As Parliament prepares to debate assisted dying on Thursday, and medical bodies in the UK consider dropping their opposition to ending patients’ lives, a new study has revealed the worrying amount of pressure GPs in the Netherlands are put under to perform euthanasia.
Warning from the Netherlands
“Pressure in dealing with requests for euthanasia or assisted suicide. Experiences of general practitioners” was recently published by the British Medical Journal, and has been analysed by Alex Schadenberg of the Euthanasia Prevention Coalition.
The study interviewed 22 General Practitioners (GPs) and did in-depth interviews with 15 GPs in the Netherlands, where euthanasia has been legal since 2002. The in-depth interviews concerned 36 euthanasia deaths whereby the GP felt pressured. The study concluded that:
Six categories of pressure GPs experienced in dealing with EAS (euthanasia and assisted suicide) requests were revealed: (1) emotional blackmail, (2) control and direction by others, (3) doubts about fulfilling the criteria, (4) counter pressure by patient’s relatives, (5) time pressure around referred patients and (6) organisational pressure.
Coercion from families
Cases of emotional blackmail included patients threatening to commit suicide if the euthanasia request was not granted. Disturbingly, there were cases of the family threatening to kill the patient: ‘Well, will I have to do it myself then, will I have to put a pillow over her head? And then you will be the guilty one’ (Case 9.1)
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The study also showed that doctors had to try to counteract pressure being exerted on a patient by their family. Case 4.1 states: “One GP counteracted this pressure by encouraging the patient to explicitly state to her partner: ‘I am dying, not you, and I am the one making this decision’”.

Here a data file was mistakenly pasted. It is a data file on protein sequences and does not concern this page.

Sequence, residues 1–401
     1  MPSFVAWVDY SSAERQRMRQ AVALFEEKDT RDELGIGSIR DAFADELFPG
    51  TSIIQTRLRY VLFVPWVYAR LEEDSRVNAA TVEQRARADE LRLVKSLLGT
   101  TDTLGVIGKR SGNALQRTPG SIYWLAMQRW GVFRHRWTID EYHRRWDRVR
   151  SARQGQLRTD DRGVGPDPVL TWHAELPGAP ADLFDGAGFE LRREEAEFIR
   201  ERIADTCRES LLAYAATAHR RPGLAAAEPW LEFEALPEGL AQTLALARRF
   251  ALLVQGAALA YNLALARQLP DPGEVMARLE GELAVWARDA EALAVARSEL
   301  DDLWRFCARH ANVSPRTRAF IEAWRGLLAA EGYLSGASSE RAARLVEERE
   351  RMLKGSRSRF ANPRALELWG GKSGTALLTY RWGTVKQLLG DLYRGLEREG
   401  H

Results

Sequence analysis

There were also cases of the GPs feeling pressured by time constraints, being unsure if the legal criteria were being fulfilled, and patients taking control of the process.
Natural progression of legal euthanasia
Mr Schadenburg concludes: “The concern that this study uncovers is that some euthanasia deaths are done based on pressure by the patient or by the family. In other words, these doctors are agreeing to kill a patient because they feel pressured to do the act… It is natural that once euthanasia is legal, promoted, and normalized, that physicians will be pressured to do the act. It is also normal that once euthanasia is legal, that those physicians who do euthanasia will start to view certain life experiences as being ‘better off dead’.”
On Thursday 4 July, Nick Boles MP is leading a debate on assisted dying in the UK. Studies like these illustrate how dangerous legalising euthanasia and assisted suicide is, and how the current law in the UK protects every citizen, especially the elderly, sick and disabled.
LifeNews Note: Courtesy of SPUC. The Society for the Protection of Unborn Children is a leading pro-life organization in the United Kingdom.